Q: Is using a twitch cruel?
A: A twitch comes in two forms: a cord loop on the end of a wooden handle and a ‘humane’ metal pinch. Each is tightened either around the horse’s top lip (a nose twitch) or around an ear. A recent study comparing the nose and ear twitches found the twitch around the ear to be more stressful for the horse than the one on the nose, so the currently preferred method is that of a nose twitch.
It is thought that the nose twitch works on acupressure points, so the pressure caused by the twitch causes a flood of endorphins that temporarily ‘dope’ your horse. ‘Temporarily’ is, however, the operative word here. After only a few minutes of use, horses will ‘blow the twitch’, reacting to defend themselves from the emerging pain that occurs after the endorphins have worn off. Therefore, a twitch does have the potential to be cruel if used for long periods, and in any case, is unlikely to cover you for any decent length of time, like the time required to clip a horse.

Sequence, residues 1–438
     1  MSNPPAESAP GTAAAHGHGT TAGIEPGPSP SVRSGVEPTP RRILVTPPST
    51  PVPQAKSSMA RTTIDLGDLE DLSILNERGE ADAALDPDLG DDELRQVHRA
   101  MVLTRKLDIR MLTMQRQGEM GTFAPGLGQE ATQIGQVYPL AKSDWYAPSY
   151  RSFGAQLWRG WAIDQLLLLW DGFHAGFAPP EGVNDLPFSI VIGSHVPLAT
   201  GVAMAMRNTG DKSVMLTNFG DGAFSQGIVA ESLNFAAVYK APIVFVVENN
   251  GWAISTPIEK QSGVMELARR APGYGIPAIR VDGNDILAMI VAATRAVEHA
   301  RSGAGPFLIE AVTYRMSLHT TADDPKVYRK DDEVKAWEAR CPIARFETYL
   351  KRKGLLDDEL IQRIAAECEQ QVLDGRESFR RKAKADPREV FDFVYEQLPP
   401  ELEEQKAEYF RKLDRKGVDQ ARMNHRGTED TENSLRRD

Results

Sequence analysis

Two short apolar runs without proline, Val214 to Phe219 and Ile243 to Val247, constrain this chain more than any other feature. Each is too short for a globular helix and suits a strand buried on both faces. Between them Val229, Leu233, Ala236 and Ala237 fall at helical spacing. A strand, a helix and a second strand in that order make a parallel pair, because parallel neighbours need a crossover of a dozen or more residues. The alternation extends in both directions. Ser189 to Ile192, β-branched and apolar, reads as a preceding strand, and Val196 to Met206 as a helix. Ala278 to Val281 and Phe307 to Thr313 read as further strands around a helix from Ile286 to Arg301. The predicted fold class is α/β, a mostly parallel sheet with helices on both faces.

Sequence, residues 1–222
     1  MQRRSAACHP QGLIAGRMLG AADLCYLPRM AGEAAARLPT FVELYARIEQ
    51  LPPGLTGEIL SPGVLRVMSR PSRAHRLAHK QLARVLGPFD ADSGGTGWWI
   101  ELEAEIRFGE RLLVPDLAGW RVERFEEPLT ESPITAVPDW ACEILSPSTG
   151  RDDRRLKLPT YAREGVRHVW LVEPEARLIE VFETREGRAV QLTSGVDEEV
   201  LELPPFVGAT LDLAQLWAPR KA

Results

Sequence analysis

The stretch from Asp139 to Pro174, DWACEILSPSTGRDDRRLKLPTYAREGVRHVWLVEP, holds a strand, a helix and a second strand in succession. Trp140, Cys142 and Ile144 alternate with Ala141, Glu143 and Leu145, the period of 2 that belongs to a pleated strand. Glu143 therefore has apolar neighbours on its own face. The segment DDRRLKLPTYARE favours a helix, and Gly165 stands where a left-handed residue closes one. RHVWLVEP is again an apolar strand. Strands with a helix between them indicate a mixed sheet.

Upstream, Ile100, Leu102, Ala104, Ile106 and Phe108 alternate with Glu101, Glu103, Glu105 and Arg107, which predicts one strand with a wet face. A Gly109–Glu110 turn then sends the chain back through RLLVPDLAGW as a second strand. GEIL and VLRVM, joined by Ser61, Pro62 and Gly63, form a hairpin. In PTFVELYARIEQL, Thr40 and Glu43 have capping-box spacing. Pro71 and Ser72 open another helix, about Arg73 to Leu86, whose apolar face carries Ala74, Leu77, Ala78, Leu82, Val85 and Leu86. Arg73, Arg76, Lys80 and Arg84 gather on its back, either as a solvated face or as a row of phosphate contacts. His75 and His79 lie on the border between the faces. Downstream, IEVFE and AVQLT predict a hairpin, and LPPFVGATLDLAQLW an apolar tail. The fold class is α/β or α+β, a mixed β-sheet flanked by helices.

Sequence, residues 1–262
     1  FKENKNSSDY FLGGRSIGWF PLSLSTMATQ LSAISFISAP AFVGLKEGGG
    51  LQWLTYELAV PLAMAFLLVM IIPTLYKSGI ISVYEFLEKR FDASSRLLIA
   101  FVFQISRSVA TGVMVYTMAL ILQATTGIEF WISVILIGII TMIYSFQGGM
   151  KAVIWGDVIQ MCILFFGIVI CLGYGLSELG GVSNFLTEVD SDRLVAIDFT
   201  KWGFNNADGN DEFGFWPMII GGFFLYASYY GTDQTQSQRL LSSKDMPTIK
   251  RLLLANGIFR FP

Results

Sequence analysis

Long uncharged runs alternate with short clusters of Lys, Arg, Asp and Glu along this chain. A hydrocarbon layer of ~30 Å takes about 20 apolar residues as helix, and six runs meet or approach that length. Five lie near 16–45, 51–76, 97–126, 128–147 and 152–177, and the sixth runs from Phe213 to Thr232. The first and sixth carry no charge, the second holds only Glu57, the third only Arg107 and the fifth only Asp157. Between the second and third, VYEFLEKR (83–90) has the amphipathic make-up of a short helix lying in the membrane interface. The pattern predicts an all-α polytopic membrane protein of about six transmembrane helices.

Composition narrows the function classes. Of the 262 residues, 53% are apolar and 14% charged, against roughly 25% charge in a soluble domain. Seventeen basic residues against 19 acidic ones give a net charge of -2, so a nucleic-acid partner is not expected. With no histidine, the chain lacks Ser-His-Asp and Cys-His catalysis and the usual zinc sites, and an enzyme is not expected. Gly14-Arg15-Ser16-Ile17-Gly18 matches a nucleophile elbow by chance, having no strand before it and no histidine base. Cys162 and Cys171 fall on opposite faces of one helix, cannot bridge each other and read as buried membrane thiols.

Instead it is more profitable for you to revisit your horse’s reasons for behaving in a way that requires twitching. A horse who needs a twitch is usually scared for some reason. Sometimes this fear is understandable, and therefore difficult to help your horse with – for instance, a fear of being drenched for colic is not one that is particularly easy to desensitise to.
However, at other times, like with clipping, for example, you may be able to desensitise your horse to the experience and reassociate clipping with something pleasurable, like food. Such retraining generally requires professional support, so don’t be afraid to seek the advice of an equine behaviourist or good force-free trainer.